Midwest Fertilizer is a U.S. company owned by multinational investors, the principal one being Fatima Group, one of the largest conglomerates in Pakistan. The company calls Fatima Group “a leader in the south Asian fertilizer industry.” Midwest Fertilizer hopes to add other multinational investors.

Just before the bonds were issued in late 2012, a representative of the U.S. Defense Department’s Joint-Improvised-Threat Defeat Agency (JIDA) testified during a congressional hearing that the Fatima Group had been “less than cooperative” in implementing security for its fertilizer products to prevent them from being used in explosive devices deployed against American soldiers in Afghanistan and Pakistan.

Then-Gov. Mike Pence, a day after taking office in January 2013, halted state support of the project and then formally dropped all state involvement in mid-May of that year, according to bond documents.

Fatima met with representatives of the FIDA and agreed on a range of voluntary cooperative measures to appease them, including by suspending fertilizer sales in two Pakistani provinces bordering Afghanistan. It also reformulated a fertilizer product that would be less susceptible to misuse as an explosive.

Midwest Fertilizer turned to Posey County to take the state’s place. In October 2013, Posey County offered the company tax increment incentives valued at $144 million and up to $480,000 in employment incentives, according to bond documents.

In 2014, Pence, who was still governor at the time, announced he would reopen talks with Fatima about the bond-funded fertilizer plant and said that he was hopeful the state would be able to renew its support for the project.

But in January 2015, the company withdrew its request for the state incentive package and decided to devote its efforts to support Posey County in securing state funding and county incentives, according to offering documents.

On July 7, 2015, Posey County and the company agreed to a revised tax incentives package. “The agreement applies certain tax increment revenues and special assessments for the proceeds of which will fund project costs,” an official statement said. “A portion of the proceeds … will fund project costs and a portion … will finance the Western Bypass, a road planned around Mount Vernon and near the project.”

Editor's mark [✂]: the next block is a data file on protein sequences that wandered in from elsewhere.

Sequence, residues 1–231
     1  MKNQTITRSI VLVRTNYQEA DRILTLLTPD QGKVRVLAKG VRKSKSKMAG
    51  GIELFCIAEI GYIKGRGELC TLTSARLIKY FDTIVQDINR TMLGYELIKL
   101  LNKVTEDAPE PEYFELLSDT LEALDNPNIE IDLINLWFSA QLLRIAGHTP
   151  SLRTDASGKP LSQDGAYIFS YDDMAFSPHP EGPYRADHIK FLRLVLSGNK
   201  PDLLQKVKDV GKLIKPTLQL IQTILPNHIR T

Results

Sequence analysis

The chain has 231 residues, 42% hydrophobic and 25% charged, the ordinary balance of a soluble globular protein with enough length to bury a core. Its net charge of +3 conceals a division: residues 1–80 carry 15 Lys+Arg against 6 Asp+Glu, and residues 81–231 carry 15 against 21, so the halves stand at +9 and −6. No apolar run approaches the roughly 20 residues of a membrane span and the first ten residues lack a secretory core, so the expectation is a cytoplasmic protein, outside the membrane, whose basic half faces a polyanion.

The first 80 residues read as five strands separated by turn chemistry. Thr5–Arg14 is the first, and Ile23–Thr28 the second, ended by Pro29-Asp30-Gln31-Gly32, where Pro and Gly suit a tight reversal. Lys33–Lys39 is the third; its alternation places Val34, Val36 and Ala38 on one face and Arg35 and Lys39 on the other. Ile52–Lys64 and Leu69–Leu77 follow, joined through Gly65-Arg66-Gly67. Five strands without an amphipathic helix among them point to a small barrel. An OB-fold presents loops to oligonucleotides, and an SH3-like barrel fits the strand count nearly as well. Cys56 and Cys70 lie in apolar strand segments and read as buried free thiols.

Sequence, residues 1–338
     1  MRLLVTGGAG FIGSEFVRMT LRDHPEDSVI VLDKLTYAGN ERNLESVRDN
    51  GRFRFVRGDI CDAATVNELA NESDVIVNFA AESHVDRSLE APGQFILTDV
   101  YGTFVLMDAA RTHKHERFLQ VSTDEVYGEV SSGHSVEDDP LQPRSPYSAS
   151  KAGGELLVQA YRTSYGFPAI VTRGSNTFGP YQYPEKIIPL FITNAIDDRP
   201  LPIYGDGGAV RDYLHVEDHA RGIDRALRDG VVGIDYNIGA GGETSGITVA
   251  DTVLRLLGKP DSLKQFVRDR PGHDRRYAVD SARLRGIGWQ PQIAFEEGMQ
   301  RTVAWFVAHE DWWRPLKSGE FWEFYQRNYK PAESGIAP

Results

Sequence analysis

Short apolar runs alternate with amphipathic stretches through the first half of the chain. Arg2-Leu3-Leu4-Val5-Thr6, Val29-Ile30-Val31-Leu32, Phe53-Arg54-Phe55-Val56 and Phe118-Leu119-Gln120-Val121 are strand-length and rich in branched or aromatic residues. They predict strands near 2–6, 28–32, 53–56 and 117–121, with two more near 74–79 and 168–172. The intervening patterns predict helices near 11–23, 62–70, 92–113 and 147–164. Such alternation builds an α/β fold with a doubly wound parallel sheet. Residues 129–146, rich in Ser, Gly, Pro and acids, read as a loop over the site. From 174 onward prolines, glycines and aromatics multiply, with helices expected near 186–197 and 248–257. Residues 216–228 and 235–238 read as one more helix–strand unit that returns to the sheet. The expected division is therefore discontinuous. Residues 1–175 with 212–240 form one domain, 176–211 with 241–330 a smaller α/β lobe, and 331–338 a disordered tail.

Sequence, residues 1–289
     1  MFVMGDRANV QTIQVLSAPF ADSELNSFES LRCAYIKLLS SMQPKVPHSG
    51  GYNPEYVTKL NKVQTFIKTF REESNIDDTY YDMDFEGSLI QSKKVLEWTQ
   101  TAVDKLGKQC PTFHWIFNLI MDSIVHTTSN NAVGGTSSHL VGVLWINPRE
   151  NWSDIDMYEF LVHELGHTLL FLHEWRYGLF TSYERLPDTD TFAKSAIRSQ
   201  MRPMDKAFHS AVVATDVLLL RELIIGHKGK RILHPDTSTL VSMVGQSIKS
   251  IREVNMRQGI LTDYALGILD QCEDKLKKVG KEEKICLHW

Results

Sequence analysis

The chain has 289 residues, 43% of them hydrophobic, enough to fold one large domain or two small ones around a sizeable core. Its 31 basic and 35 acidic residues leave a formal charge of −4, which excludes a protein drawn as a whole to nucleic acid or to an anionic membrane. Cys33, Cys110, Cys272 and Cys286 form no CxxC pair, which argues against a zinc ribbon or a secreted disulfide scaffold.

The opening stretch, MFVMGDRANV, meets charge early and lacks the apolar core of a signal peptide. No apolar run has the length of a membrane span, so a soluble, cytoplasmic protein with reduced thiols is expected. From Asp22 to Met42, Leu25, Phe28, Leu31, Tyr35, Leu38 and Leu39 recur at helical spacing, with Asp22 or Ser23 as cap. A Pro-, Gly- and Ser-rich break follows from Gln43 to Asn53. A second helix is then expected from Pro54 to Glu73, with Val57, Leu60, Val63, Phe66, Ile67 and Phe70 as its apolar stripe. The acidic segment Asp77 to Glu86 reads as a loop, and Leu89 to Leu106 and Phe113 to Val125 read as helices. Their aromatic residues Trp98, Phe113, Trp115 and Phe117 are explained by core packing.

As of late 2015, the company said in an official statement that it had spent $76.7 million to develop the project, not including expected issuance costs associated with remarketing the bonds, and that it had executed agreements for additional project expenditures totaling $280.4 million.

According to a company press release attached to the recent EMMA notice, the Indiana Economic Development Corp. has now offered Midwest Fertilizer up to $2.9 million in conditional tax credits and up to $400.000 in training grants based on the company's job creation plans. The IEDC also offered up to $300,000 in conditional incentives from the Hoosier Business Investment tax credit based on the company's planned investment. These incentives are performance based, meaning the company must create jobs and invest in Indiana in order to be eligible to receive incentives.

The IRS opened its audit of the bond financings in January of this year. It issued its Notice of Proposed Issue stating its preliminary finding that the bonds were taxable less than six months later.

In an annual report dated Aug. 29, Midwest Fertilizer said that on Aug. 2, 2016, the bonds became subject to a mandatory tender for purchase and were remarketed for an extended initial period. The company said that, following the remarketing, it purchased all of the bonds and intends to remain sole owner.

The first bonds, issued by the Indiana Finance Authority, were underwritten by Guggenheim Securities, LLC. Ice Miller was bond counsel. Counsel for the issuer was Benesch, Friedlander, Coplan & Aronoff. Underwriter’s counsel was Sidley Austin. Counsel for the company was Pillsbury Winthrop Shaw Pittman.

Citigroup joins Guggenheim in later refundings. Barnes & Thornburg becomes bond counsel and it is joined by Ballard Spahr as co-bond counsel in the last refunding.